Caryn James

The Improved Oscar Show with Ellen, Lupita, Jared & Adele Dazeem

  • By Caryn James
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  • March 3, 2014 1:39 PM
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  • 4 Comments
I did not have great hopes for the Oscar show going in -- I'm not even an Ellen fan -- but you cannot hate anything that has Brad Pitt passing around pizza and John Travolta creating an entirely new name for the person he was introducing (Adele Dazeem, a star is born).

Will Ronan Farrow's MSNBC Show Be Derailed by His "I Hate Woody" Fame?

  • By Caryn James
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  • February 24, 2014 3:29 PM
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  • 11 Comments
Ronan Farrow began his new MSNBC show today by saying, "I grew up watching the greats of TV news," then delivered his wry list of "Murrow, Cronkite, Colbert." He wasn't really kidding, because Ronan Farrow Daily is all about trying to channel his generation. At a glance the show wasn't rocky; it was flat and safe, which might be worse.

'The Monuments Men' Cast On Jimmy Kimmel: Matt Damon and Bill Murray Steal the Show

  • By Caryn James
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  • February 7, 2014 4:32 PM
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  • 0 Comments
The cast of George Clooney's The Monuments Men have been everywhere lately, promoting a film that will need all their high-profile popularity to lure viewers in. Critics have rejected it. It is very rotten on Rotten Tomatoes. I found the World War II adventure about recovered art strangely flat. (You can read my review here.)

George Clooney Saves the World (Or At Least Art) in 'The Monuments Men'

  • By Caryn James
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  • January 29, 2014 12:25 PM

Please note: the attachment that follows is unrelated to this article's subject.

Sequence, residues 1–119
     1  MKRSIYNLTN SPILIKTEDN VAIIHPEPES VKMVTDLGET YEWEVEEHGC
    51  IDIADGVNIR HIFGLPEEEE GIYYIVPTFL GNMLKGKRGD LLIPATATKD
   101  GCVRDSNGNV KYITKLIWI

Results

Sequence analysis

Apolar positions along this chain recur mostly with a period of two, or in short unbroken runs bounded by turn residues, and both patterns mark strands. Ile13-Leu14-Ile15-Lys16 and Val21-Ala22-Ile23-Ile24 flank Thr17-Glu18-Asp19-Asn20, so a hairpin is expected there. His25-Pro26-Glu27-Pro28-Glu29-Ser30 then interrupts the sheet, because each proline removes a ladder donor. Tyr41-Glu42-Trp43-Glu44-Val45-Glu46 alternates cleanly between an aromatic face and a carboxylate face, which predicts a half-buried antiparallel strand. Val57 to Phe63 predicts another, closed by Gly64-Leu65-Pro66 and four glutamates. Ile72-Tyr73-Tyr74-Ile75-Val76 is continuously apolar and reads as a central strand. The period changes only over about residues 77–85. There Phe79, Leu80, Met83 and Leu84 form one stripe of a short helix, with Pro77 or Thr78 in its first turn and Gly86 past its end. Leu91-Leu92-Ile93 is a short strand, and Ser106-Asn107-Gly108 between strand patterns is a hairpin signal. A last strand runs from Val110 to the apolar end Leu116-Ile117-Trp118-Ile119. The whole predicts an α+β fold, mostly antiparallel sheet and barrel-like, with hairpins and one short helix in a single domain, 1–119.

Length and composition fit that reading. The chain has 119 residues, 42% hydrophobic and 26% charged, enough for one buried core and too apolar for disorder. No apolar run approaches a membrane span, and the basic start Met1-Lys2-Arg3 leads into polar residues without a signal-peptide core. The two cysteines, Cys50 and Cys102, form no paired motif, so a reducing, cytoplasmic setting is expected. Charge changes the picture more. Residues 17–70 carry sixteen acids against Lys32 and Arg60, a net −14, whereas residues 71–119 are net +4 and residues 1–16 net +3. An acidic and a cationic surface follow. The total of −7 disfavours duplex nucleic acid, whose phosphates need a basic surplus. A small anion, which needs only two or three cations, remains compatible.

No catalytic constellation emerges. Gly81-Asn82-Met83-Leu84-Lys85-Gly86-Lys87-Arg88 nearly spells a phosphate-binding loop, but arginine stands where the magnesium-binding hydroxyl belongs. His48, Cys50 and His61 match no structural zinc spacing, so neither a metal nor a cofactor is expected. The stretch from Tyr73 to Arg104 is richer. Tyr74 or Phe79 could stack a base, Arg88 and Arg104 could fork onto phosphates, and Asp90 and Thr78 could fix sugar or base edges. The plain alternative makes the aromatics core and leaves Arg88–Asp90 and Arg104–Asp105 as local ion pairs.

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  • 1 Comment
The Monuments Men begins with a captivating scene, set in Belgium during World War II. We see close-ups of a work of art -- van Eyck's oversized Ghent Altarpiece—hear banging, then see priests crate up the individual panels of the painting, put them in a truck in the dark of night and send it off for safekeeping.

'Blue Jasmine': Woody Allen's Most Successfully Tragic Yet Witty Film

  • By Caryn James
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  • July 22, 2013 2:50 PM
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  • 0 Comments
Witty about social pretensions, eloquently moving about failure and loss, acerbic about family relations -- Blue Jasmine feels like a rich destination Woody Allen has been heading toward for years. It's as if the sibling drama of Interiors were handled (more successfully) with credibility and humor, and Manhattan's skewering observations about money and class given tragic weight, in a film that elicits full, grounded performances from actors as predictably good as Cate Blanchett, as head-spinning as Andrew Dice Clay.

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